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Suicide: A Modern Obsession


A disproportionate number of the books that I read are written by American authors.  This is particularly true when it comes to books on suicide.  Even though the London Anti-Suicide Bureau opened nearly six decades earlier than the Los Angeles suicide prevention center, the work seems centered around America.  That one of the reasons why I was interested in Suicide: A Modern Obsession: it was written by a pair of authors from Ireland.  I could get a different perspective.

The Questioning

For professionals who encounter patients that attempt or die by suicide, questions about competency are bound to arise.  It doesn’t matter whether they engaged as a medical professional or a behavioral health professional, it’s difficult to lose a patient.  It’s easy to think that a bad outcome must have been from something you did or didn’t do.  It’s easy to look for the ways where you let the patient down.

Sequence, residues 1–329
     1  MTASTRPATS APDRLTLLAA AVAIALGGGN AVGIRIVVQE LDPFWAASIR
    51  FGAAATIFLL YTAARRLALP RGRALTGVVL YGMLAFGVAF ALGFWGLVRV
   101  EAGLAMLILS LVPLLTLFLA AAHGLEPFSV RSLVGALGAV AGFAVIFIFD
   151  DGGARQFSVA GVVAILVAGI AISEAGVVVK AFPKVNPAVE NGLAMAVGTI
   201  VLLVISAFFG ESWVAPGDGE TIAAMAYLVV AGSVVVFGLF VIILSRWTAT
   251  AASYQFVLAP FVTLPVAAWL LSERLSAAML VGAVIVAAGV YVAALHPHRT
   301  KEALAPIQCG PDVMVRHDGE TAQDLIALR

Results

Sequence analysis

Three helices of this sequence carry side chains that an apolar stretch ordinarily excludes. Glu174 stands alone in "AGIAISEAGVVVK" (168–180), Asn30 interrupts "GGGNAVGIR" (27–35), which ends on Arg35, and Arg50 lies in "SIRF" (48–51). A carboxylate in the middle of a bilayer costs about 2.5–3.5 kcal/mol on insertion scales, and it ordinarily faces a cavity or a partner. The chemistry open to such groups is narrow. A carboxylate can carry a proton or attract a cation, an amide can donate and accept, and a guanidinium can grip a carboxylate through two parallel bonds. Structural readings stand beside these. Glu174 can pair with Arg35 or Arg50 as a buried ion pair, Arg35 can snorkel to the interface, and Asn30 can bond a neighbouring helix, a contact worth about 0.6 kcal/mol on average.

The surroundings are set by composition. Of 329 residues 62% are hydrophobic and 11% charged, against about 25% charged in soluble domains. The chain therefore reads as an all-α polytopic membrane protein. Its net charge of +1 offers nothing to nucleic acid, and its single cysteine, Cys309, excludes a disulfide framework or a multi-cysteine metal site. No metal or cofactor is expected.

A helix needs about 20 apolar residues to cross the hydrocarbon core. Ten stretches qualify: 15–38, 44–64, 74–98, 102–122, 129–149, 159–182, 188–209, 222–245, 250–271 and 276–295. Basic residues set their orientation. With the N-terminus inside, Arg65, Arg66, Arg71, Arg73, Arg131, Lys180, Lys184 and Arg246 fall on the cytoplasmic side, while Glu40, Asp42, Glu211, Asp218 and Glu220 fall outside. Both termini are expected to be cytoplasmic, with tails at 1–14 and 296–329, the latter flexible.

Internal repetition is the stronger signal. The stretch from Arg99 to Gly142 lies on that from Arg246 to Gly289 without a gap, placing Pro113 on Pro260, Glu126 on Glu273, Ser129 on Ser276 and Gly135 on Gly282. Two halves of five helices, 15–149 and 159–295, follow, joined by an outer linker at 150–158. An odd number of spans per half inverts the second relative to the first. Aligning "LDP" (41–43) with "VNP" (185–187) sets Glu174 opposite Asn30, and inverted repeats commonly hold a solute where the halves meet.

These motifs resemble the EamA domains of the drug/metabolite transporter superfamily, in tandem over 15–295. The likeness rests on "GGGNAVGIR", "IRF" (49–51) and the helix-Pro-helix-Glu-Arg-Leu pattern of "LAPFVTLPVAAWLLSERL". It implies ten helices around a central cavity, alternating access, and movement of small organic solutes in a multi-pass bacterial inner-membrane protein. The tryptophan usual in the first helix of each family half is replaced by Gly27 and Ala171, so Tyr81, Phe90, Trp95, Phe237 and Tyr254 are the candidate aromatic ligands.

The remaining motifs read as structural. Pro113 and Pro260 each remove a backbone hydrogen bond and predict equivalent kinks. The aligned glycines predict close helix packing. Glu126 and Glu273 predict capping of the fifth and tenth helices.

However, the truth is that none of us are perfect, and even the venerable Edwin Shneidman lost patients and assessed incorrectly.  We’ve got to learn that we can’t know everything, try everything, or positively control the outcomes with suicidal people.  Sometimes, there is truly nothing to be done.

Practical Help

One of the challenges in working with people who have suicidal ideation is that some of them are facing real challenges.  Divorce, unemployment, medical, and financial challenges are real.  One of the early observations of the London Anti-Suicide Bureau was to recognize that sometimes people who are considering suicide just need material help.  Whether it’s food, shelter, medical, or other services, the Bureau started referring people to get their material needs met.

This is an often under-discussed aspect in suicide prevention.  Of course, there’s cognitive therapy to help people view their situations differently, but what if they’re viewing their situation accurately?  The answer is sometimes to help them see that there are others in the world – outside of themselves – who are willing to support them, who believe in every human life and in them specifically.  We can’t forget that sometimes there are real needs that need to be met.